Congregational Paralysis: Driving Discipleship with Clear Communication

The Church Revitalization Podcast – Episode 211

“…if the trumpet does not sound a clear call, who will get ready for battle?” 1 Corinthians 14:8

We often find pastors and church leaders lamenting the lack of engagement by their congregations.Here are just a few of the reasons we hear:

  • They’re just apathetic.
  • They don’t prioritize church.
  • Kids activities take up all their time.
  • Both parents work and there is just no time left for church.
  • We’ve tried different things and nothing seems to work.

What we frequently find is a lack of clarity around what the church truly expects of it’s members and a lack of intentionality in it’s discipleship activities. Churches that are not thriving often look similar – a few Sunday School classes that are mostly filled with people that have been there a long time. There are a couple of small groups from a few years ago when they launched. Some of the younger families attend them. Wednesday night programming attendance is sparse, the same group of volunteers do most things, and there is very little outreach happening in the city.

This is a church that may do well with a comprehensive revitalization process, but today we’re just looking at improving the church’s intentionality and clarity.

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Discipleship is not one thing you do, it’s everything you do.

The term “discipleship” is often used to describe the church’s most prominent activity outside of the Sunday worship time. Sunday school, bible study, adult bible fellowship, small groups, home groups, community groups, and lots of other creative names for similar things. With too few exceptions, these ministries continue as they have for a long time because of just that – they’ve been around for a long time. Sometimes they’re fine and sometimes they could be improved. The issue is that there is no intentionality in the outcome that is being pursued. We talked about this last week in Episode 210. It’s a mindset shift, and it matters.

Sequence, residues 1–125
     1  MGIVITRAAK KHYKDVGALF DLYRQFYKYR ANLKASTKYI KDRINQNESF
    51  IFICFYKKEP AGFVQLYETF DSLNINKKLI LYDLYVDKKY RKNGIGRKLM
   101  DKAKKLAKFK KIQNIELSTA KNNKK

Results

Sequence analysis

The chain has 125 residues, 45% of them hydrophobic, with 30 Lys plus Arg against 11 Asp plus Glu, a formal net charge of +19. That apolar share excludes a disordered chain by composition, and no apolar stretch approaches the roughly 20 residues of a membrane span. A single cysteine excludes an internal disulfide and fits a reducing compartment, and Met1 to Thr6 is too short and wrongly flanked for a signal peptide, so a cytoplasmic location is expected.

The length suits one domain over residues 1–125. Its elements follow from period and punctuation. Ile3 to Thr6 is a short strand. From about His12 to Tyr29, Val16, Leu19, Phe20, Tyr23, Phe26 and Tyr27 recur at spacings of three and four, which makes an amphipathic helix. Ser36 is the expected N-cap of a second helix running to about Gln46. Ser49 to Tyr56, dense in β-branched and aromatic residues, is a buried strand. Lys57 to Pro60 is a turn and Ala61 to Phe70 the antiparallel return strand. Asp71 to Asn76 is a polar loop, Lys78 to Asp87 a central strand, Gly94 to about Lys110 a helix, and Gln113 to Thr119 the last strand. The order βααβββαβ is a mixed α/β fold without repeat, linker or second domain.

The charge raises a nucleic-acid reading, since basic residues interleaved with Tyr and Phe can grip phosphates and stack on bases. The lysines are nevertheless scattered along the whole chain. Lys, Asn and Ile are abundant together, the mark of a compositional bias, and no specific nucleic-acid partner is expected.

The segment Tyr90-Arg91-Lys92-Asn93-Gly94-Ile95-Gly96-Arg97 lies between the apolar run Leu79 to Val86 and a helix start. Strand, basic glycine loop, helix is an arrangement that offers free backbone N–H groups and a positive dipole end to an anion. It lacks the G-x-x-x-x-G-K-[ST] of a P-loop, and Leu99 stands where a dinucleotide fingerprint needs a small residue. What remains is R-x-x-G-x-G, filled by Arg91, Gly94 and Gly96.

The church that makes holistic discipleship its focus is the church that asks tough questions of itself continuously. It is always challenging itself to optimize its efforts and maximize its results. It’s Great Commission focused and relentlessly pursuing a vision that propels it into Gospel-centered risky territory; out-of-comfort-zone spaces; trial and error and change and trial again.

Everything is not discipleship.

No matter how long an activity has been around it still may not be productive at making or maturing disciples. There are no participation trophies for ineffective ministries, and taking up people’s time is not a value. There are key things in scripture that propel people towards maturity. At pentecost, the church exploded. God, in an unfathomable stroke of sovereignty, prepared a scene for His church to grow from about 120 to over 3,000 in a moment. They immediately began acting in a way that only the Holy Spirit could enable. Let’s examine Acts 2:41-47:

Worship – they were in awe of the things God was doing and they gave Him praise.

Fellowship – they were devoted not only to life lived in close support of one another, but also to the sum of their parts as the church and the power of what they could do collectively.

Prayer – they centered on seeking God in all things.

Generosity – they gave of their possessions and of themselves to support the needs of others.

Biblical Instruction – they were taught by the apostles for transformation, not just knowledge.

Evangelism – transformed lives in word and deed enabled Gospel expansion that resulted in the Lord adding to their number.